Proso millet is important minor millet grown in India. The crop is able to evade drought by its quick maturity. Being a short duration crop (60 -90 days) with relatively low water requirement, this escapes drought period and, therefore, offers better prospects for intensive cultivation in dry land areas. Under unirrigated conditions, proso millet is generally grown during kharif season but in areas where irrigation facilities are available, this is profitably grown as summer catch crop in high intensity rotations.
Origin and History: Proso millet probably originated in India. It spread from India to other cheena growing parts of the world. It might have originated for?Panicum psilopodium which is found in its wild state in Burma, India and Malaysia.
Climatic Requirements:?Proso millet is a crop of warm climate. It is grown extensively in warm regions of the world. It is highly drought resistant and can be grown in areas where there is scanty rainfall. It can withstand water stagnation also to some extent. It is a hardly crop which completes its life cycle in a short span of time.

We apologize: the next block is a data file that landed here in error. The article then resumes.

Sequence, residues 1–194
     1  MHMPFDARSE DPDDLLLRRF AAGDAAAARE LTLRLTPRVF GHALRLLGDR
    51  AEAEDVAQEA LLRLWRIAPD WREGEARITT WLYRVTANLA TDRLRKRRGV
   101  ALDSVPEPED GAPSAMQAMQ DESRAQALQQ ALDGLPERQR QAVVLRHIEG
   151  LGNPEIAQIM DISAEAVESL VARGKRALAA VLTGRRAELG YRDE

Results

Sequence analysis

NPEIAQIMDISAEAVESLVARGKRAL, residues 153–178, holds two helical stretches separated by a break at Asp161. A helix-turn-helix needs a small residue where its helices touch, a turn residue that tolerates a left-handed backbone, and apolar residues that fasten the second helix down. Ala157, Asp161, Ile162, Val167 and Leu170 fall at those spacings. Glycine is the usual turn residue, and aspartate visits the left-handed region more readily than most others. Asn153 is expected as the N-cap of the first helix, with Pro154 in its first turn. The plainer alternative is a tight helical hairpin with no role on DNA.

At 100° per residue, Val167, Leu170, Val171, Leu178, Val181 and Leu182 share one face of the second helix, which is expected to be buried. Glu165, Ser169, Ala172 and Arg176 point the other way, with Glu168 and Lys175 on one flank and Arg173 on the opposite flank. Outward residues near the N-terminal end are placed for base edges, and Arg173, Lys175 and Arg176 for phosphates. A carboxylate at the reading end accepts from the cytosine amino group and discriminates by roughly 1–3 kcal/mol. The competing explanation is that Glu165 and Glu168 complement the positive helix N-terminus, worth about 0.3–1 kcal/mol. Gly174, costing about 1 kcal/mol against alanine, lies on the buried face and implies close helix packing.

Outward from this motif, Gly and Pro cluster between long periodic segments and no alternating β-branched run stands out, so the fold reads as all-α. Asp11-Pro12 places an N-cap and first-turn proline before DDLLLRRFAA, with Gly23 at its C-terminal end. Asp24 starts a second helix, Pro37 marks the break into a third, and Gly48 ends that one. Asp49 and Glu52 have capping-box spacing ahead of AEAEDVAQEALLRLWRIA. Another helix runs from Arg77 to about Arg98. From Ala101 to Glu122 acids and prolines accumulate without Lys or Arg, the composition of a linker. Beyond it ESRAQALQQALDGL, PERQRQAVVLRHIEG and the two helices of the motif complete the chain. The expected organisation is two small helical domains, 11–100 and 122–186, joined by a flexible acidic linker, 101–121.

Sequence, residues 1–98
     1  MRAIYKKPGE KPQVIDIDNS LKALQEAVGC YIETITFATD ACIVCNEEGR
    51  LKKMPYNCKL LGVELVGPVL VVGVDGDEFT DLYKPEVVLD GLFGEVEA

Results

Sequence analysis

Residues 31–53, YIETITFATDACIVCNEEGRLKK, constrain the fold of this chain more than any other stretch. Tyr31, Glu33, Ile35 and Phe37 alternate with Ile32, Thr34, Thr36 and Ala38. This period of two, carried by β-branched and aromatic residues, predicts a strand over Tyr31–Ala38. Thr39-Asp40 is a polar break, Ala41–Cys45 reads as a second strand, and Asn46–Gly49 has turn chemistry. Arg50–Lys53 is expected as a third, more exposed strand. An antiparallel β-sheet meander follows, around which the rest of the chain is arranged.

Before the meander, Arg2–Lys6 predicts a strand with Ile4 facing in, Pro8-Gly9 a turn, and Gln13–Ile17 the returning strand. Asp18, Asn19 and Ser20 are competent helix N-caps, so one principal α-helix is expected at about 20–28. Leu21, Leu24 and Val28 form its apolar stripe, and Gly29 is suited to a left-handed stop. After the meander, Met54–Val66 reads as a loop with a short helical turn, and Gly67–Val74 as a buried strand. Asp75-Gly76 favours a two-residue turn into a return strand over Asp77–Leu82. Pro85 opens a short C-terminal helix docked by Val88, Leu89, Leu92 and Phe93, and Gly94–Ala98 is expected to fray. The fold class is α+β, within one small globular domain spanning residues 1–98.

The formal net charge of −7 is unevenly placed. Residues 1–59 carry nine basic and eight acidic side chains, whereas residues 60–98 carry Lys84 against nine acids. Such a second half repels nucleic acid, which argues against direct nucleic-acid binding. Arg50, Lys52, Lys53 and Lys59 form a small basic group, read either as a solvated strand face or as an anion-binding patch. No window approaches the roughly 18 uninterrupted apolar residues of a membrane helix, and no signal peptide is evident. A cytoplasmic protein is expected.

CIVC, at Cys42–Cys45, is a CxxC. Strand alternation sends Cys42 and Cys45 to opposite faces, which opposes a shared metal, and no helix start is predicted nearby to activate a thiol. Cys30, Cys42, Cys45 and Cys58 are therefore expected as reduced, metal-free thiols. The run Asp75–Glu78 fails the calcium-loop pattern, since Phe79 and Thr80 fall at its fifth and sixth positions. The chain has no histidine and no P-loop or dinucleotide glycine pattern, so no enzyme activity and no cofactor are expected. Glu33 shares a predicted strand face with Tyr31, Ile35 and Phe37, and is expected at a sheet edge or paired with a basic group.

Time of Sowing: As a kharif crop, proso millet should be sown in the first fortnight of July with the onset of monsoon rains and as a summer crop it should be sown by the middle of April. During summer, it would be desirable to sow proso millet as soon as the harvesting of the Rabi crop is over.
Harvesting and Threshing: Proso millet is ready for harvest after 65-75 days of sowing in most of the varieties. Harvest the crop when it is about to mature. The seeds in the tip of upper heads ripe and shatter before the lower seeds and later panicles get mature. Therefore, the crop should be harvested when about two thirds of seeds are ripe. Crop is threshed with hand or bullocks